Dominic Raab replaces David Davis as Brexit secretary

Image copyright AP Image caption Dominic Raab is a former chief of staff to Mr Davis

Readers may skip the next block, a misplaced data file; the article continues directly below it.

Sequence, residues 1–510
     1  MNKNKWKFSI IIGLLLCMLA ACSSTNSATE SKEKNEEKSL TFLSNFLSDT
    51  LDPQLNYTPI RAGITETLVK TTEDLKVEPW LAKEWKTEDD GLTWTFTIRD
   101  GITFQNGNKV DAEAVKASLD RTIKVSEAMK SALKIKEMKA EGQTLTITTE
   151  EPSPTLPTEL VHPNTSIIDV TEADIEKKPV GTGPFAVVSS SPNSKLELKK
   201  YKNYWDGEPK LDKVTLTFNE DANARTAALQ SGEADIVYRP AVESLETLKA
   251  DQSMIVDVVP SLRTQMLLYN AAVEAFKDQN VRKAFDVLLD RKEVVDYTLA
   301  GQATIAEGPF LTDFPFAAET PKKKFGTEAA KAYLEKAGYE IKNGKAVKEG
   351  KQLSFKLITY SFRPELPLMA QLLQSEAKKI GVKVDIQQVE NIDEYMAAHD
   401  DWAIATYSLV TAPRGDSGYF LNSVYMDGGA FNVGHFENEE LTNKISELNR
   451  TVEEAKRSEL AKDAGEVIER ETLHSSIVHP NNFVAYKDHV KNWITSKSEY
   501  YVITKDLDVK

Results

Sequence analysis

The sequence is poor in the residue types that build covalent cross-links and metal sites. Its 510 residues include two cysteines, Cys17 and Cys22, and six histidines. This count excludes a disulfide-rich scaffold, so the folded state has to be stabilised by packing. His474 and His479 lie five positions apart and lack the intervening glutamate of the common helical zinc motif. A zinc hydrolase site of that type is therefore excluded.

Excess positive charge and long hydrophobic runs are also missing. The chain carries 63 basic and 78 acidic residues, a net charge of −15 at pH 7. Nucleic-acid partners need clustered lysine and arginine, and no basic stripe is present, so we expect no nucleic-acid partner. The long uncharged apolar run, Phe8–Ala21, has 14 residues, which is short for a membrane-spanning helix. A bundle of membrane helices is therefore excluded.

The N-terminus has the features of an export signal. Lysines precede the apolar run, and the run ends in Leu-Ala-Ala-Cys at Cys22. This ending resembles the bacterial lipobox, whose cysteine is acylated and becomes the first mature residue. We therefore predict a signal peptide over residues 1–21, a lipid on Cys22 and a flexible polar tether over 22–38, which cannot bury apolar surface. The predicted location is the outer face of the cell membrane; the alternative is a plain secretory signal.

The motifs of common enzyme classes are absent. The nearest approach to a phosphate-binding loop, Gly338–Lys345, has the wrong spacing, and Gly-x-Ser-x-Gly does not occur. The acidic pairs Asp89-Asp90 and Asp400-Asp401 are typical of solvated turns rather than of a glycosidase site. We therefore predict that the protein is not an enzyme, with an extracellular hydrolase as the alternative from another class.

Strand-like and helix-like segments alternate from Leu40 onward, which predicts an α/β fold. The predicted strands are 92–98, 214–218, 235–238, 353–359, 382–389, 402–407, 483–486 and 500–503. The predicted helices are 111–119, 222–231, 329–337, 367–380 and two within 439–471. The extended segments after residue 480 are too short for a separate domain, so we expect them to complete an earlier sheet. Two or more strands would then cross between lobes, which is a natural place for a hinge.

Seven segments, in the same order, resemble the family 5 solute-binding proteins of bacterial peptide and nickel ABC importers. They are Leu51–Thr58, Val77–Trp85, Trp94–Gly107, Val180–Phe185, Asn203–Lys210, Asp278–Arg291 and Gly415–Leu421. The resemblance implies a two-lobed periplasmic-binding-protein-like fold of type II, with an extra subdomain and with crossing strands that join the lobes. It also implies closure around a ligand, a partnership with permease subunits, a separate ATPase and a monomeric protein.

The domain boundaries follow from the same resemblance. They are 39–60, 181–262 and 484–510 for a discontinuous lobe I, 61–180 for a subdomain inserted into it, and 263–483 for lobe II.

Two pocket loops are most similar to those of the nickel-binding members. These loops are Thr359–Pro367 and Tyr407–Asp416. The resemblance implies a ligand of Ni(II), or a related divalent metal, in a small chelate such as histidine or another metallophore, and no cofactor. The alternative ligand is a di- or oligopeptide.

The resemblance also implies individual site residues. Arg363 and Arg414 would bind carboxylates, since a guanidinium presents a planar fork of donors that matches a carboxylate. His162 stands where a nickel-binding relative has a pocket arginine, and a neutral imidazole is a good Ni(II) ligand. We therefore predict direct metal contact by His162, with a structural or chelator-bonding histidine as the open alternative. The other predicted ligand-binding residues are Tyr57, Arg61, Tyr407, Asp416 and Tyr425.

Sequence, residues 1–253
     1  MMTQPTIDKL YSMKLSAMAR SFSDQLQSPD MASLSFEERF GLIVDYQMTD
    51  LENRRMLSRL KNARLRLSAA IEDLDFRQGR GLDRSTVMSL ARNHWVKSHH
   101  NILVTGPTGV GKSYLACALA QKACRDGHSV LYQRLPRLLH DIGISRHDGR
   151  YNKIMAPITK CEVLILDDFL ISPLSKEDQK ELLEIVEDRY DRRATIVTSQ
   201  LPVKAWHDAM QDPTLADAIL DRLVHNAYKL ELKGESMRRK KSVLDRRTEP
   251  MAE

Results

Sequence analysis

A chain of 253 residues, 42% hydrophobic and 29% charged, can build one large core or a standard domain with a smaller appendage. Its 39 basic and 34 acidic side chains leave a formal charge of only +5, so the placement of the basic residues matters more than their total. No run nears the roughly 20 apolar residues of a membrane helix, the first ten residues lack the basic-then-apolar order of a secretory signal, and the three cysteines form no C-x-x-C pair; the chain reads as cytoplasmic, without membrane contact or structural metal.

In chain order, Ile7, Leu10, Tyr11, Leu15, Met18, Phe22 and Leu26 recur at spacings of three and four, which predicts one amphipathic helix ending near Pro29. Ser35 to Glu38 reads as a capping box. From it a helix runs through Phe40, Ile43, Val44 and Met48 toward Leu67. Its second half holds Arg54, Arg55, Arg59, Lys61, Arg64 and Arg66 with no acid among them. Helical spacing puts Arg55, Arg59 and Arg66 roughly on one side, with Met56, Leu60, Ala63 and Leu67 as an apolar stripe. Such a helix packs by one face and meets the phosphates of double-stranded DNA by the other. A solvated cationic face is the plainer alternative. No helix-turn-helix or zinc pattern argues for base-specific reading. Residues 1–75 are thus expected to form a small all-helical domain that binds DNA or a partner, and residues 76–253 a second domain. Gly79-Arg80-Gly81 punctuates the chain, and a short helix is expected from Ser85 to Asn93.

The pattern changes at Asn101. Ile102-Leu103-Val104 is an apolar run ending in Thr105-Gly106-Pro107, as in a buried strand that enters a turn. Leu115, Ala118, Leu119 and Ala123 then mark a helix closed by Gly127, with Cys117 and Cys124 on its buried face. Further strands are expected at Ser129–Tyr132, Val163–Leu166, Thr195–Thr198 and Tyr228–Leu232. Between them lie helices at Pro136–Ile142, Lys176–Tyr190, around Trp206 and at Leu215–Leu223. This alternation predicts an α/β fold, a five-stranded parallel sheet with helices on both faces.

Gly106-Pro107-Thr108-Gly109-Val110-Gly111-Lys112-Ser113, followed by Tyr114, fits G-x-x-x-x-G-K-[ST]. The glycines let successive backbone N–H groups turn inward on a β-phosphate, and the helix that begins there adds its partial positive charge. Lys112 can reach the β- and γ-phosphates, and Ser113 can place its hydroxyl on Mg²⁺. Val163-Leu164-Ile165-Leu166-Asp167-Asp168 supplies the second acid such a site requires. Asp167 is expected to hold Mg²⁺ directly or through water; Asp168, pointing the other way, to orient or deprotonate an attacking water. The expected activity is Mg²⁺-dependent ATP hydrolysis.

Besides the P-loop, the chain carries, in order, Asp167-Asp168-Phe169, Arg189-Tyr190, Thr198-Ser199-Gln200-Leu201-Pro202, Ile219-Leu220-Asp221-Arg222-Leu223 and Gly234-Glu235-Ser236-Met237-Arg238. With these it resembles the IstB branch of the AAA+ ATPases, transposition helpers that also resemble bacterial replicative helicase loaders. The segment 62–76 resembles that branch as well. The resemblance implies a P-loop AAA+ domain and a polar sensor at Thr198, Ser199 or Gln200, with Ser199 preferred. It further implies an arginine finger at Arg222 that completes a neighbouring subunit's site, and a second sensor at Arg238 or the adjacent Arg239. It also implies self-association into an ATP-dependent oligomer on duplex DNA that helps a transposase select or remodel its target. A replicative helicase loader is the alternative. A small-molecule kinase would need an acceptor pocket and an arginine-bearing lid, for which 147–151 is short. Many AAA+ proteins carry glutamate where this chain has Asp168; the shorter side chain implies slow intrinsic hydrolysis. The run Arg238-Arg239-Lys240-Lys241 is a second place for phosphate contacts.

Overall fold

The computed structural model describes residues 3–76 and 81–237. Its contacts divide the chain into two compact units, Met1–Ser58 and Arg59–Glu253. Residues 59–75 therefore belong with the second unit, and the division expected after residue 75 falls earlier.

Dominic Raab has been appointed Brexit secretary by Theresa May after David Davis resigned from the government. Mr Raab, who is currently housing minister, was a prominent Leave campaigner during the 2016 referendum. Mr Davis quit late on Sunday night, saying Theresa May had “given away too much too easily”. The 44-year old Mr Raab, a lawyer before becoming an MP in 2010, will now take over day-to-day negotiations with the EU’s Michel Barnier. The UK is due to leave the European Union on 29 March 2019, but the two sides have yet to agree how trade will work between the UK and the EU afterwards. There have been differences within the Conservative Party over how far the UK should prioritise the economy by compromising on issues such as leaving the remit of the European Court of Justice and ending free movement of people What sticks out the most from my interview with David Davis this morning is a very simple question we asked. Is the prime minister’s plan really leaving the EU? “I don’t think so,” he said. That is the sentiment that’s widely shared among the Tory party, and perhaps among many voters too. And guess what? It doesn’t always matter which side of the referendum they were on either. Some former Remainers say “look, this is a dodgy compromise, what’s the point? If we are going to do this, then for goodness sake let’s do it properly or just stay in”. Mrs May’s Conservative Party only has a majority in Parliament with the support in key votes of the 10 MPs from Northern Ireland’s Democratic Unionist Party, so any split raises questions about whether her plan could survive a Commons vote – and has also led to renewed questions about whether she will face a challenge to her positio. “The deep division at the heart of the Conservative Party has broken out in public and plunged this government into crisis,” said shadow Brexit secretary Sir Keir Starmer. “It is now clearer than ever that Theresa May does not have the authority to negotiate for Britain or deliver a Brexit deal that protects jobs and the economy.”